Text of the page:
Over the weekend we celebrated the Parkash Divas of Guru Angad Dev Ji, our second Guru Ji. Happy Parkash Divas! Guru Ji was born into a Hindu family to parents Bhai Pheru Mall Ji and Mata Sabhrai Ji with the name Bhai Lehna. He was a devout worshipper of Goddess Durga until he came across Bhai Jodha Ji singing the 21st Pauri from Asa Di Var. After hearing this, he decided he must meet Guru Nanak Dev Ji and went to go meet him in Kartarpur. From them he became a follower of Guru Nanak. After many tests and years of service, Bhai Lehna Ji was renamed Guru Angad Dev Ji and the Guruship was passed on to him. For example, when a cup fell in the dirt, Sri Chand, Guru Nanak Dev Ji’s son would not go to pick it up, but Bhai Lehna Ji gladly went into the mud to pick it up.
Guru Angad Dev Ji was married to Mata Khivi Ji at age 16 and lived the life of a householder. They had four children: Dasu, Datu, Amro, Anokhi. Both of them did an incredible amount of hard work and sewa in their lifetime. Guru Ji created the Gurmukhi script. This is particular important because at that time, most religious writings were in Sanskrit and only the elite could read it. Punjabi was simple enough that there was no division among people- it was easy for anyone to learn to read and write. It was also clear enough that there wasn’t misinterpretation. Guru Ji believed in education and created many schools. He also taught about equality and carried on the tradition of langar. He established many religious institutions. I actually learned for the first time that Guru Ji was an advocate of physical wellness as well and used to teach youth to exercise and play sports after their prayers in the morning, because he believed that being fit was a foundation for being able to have higher goals for your mind. I think nowadays perhaps we under-value how important it is to keep physically fit! Guru Ji contributed 63 shabads and saloks now in the Guru Granth Sahib Ji.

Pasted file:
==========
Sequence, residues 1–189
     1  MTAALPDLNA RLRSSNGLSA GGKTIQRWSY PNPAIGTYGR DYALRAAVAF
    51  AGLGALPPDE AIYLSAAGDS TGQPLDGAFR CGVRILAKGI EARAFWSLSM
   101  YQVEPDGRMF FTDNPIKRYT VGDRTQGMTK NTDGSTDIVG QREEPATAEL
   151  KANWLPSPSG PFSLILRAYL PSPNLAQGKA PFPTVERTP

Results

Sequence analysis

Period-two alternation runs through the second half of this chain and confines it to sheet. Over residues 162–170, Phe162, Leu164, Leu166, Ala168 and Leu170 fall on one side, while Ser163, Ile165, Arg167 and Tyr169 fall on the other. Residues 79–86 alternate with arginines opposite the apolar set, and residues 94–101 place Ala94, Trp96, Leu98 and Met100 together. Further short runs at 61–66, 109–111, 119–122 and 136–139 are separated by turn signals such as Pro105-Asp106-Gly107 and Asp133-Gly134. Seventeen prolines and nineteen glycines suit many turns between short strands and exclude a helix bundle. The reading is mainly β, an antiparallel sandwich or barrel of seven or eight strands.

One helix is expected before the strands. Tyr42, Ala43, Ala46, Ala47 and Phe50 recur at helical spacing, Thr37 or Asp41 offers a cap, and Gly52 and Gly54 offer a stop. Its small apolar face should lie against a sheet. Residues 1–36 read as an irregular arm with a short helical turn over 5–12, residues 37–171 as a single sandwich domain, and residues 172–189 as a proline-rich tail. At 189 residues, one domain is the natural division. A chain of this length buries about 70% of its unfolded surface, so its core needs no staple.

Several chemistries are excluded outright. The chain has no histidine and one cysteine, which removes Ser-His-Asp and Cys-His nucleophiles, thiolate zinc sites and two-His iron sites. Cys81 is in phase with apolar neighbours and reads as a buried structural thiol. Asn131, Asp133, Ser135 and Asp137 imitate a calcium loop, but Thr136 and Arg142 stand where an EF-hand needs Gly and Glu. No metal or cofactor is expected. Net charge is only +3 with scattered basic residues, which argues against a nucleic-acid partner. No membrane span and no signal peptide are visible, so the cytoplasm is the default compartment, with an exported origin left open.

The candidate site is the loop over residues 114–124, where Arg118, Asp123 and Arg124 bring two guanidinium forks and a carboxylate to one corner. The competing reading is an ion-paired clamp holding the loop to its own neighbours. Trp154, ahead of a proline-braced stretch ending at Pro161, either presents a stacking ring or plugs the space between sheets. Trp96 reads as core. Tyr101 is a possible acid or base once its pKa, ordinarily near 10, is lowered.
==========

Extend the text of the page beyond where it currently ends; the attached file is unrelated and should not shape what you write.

Book Illustrated Life Stories of Guru Sahibs’ by Dr. Ajit Singh Aulakh (really awesome English resource!)
Picture from http://www.sikh-history.com/sikhhist/gurus/nanak2.html